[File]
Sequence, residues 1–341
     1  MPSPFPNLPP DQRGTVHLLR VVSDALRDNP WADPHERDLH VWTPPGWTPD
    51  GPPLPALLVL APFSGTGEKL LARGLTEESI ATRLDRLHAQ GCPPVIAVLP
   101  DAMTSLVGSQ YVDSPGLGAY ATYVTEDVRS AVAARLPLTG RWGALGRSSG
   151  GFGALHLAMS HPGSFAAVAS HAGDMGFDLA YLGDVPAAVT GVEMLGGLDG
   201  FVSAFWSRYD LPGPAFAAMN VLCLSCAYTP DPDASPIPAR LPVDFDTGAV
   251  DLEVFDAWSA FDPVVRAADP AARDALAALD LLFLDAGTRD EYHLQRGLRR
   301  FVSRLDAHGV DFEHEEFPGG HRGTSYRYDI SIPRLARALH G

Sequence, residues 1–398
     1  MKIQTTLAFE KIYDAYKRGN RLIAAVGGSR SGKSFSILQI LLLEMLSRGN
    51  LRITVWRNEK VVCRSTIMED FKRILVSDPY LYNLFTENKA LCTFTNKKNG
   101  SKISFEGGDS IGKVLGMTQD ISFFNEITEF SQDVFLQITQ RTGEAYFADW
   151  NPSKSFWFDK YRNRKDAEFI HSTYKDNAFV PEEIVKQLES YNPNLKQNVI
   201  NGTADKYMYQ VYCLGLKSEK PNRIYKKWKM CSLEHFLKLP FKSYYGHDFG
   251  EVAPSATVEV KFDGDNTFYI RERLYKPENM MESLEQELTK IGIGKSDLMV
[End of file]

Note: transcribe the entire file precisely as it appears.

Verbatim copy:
Sequence, residues 1–341
     1  MPSPFPNLPP DQRGTVHLLR VVSDALRDNP WADPHERDLH VWTPPGWTPD
    51  GPPLPALLVL APFSGTGEKL LARGLTEESI ATRLDRLHAQ GCPPVIAVLP
   101  DAMTSLVGSQ YVDSPGLGAY ATYVTEDVRS AVAARLPLTG RWGALGRSSG
   151  GFGALHLAMS HPGSFAAVAS HAGDMGFDLA YLGDVPAAVT GVEMLGGLDG
   201  FVSAFWSRYD LPGPAFAAMN VLCLSCAYTP DPDASPIPAR LPVDFDTGAV
   251  DLEVFDAWSA FDPVVRAADP AARDALAALD LLFLDAGTRD EYHLQRGLRR
   301  FVSRLDAHGV DFEHEEFPGG HRGTSYRYDI SIPRLARALH G

Sequence, residues 1–398
     1  MKIQTTLAFE KIYDAYKRGN RLIAAVGGSR SGKSFSILQI LLLEMLSRGN
    51  LRITVWRNEK VVCRSTIMED FKRILVSDPY LYNLFTENKA LCTFTNKKNG
   101  SKISFEGGDS IGKVLGMTQD ISFFNEITEF SQDVFLQITQ RTGEAYFADW
   151  NPSKSFWFDK YRNRKDAEFI HSTYKDNAFV PEEIVKQLES YNPNLKQNVI
   201  NGTADKYMYQ VYCLGLKSEK PNRIYKKWKM CSLEHFLKLP FKSYYGHDFG
   251  EVAPSATVEV KFDGDNTFYI RERLYKPENM MESLEQELTK IGIGKSDLMV